Then Mayor Rudy Giuliani, no friend of the agency, advocated that the city take control of its airports. Transit advocates favored the use of the old Rockaway line of the Long Island Railroad, which they argued could easily be reworked as a direct rail link into Manhattan.
The Port Authority dismissed the Rockaway plan as unfeasible, some critics argued, because it would disrupt white neighborhoods whereas the Jamaica plan went through predominantly black ones.
The authority had to convince a lukewarm City Council, and much to the authority’s chagrin, go through the series of public hearings required under the city’s arduous land use process.
But nothing could stand in the way of the agency’s cowcatcher. The agency converted its opponents, or when necessary, plowed right through them. City Council and the mayor did 180-degree reversals. And soon, the Straphangers Campaign, the Air Transportation Authority and various community organizations were all aboard.
Ticket To Ride
How did the Port Authority accomplish this? In a word, the converted say: money.
"The general rule is that if you have your own piggy bank, you win," said Gene Russianoff of the Straphangers Campaign, a group dedicated to playing watchdog over the MTA and Port Authority.
"Unlike the earlier proposals, this one was doable because they had the money and the wherewithal to make it happen."
More than $1 billion of the funding came from the $3 surcharge imposed on every departing passenger from the airport. The rest came from the authority itself. Early on, the authority gained the backing of then Rep. Floyd Flake, and his successor, Gregory Meeks, with promises of community development.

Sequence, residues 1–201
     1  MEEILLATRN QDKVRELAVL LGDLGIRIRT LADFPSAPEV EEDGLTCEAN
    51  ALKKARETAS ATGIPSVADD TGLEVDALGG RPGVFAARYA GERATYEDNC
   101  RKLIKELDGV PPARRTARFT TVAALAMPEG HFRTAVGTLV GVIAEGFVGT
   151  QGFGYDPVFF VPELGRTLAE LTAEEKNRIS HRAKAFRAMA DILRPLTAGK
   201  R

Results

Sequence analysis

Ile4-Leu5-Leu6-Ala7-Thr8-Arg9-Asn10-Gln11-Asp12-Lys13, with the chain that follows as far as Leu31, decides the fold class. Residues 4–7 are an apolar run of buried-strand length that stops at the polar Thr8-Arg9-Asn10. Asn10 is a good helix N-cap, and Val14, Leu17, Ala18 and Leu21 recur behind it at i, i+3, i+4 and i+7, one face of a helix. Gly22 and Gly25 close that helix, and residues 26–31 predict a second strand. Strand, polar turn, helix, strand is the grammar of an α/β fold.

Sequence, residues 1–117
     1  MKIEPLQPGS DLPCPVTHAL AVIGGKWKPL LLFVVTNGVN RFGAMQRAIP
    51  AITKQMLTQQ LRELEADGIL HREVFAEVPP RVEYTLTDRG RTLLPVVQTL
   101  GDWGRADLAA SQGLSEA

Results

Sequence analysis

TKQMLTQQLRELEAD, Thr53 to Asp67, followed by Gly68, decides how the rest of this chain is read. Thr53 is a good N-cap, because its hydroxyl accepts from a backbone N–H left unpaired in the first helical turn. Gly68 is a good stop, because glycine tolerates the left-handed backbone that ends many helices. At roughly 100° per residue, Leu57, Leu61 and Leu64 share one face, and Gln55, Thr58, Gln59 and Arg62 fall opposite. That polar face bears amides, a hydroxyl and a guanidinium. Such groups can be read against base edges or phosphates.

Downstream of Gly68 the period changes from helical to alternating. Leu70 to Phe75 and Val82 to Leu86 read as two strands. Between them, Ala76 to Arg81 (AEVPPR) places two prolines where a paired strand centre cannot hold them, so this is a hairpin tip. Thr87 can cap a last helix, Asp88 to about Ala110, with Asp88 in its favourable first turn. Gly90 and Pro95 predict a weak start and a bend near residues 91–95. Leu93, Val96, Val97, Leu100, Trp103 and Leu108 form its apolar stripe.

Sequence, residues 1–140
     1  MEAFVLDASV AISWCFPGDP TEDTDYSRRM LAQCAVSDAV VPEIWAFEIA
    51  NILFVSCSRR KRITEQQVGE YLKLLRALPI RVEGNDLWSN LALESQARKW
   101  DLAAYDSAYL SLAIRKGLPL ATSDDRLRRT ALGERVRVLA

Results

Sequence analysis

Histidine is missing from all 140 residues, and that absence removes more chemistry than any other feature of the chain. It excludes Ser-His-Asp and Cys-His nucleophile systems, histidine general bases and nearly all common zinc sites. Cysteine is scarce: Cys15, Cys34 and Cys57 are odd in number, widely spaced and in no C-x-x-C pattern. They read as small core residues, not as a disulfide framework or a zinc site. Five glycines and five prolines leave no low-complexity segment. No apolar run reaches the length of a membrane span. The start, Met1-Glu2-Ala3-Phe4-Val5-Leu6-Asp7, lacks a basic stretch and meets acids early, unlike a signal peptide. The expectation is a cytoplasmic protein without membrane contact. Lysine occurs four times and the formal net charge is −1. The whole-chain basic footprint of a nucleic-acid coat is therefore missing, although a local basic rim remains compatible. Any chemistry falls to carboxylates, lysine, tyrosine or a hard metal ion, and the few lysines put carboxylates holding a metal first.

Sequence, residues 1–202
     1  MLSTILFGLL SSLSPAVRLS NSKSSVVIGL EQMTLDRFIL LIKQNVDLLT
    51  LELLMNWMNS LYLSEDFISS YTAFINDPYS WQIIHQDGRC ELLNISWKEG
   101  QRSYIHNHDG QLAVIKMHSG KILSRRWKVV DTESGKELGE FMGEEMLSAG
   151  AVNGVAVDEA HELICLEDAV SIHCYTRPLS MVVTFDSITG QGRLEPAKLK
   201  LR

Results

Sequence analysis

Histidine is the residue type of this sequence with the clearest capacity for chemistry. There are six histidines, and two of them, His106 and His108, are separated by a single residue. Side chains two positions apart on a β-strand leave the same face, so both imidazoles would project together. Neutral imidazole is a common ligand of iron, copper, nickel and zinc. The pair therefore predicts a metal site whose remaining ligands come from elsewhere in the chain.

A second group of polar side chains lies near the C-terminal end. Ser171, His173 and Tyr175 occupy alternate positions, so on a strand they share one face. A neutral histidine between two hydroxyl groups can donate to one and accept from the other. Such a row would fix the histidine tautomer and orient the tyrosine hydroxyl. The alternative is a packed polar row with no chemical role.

While it’s unclear how many travelers will eat and shop in Jamaica before transferring to the subway and Long Island Railroad, the arrival of the AirTrain has brought the attention of developers to the Sutphin Boulevard neighborhood.
"It will not improve access to Southeast Queens, but we’re hoping at the very least it serves as an economic engine for the region," Councilman Leroy Comrie said.
Critics argue that the Port Authority has wasted billions on a train line that few will use.
Congressman Anthony Weiner said, "I think the AirTrain is safe, but I’m still not a believer that a lot of people will take it. I hope I’m wrong. I think that it’s still going to be a difficult sell to get people out of a taxi."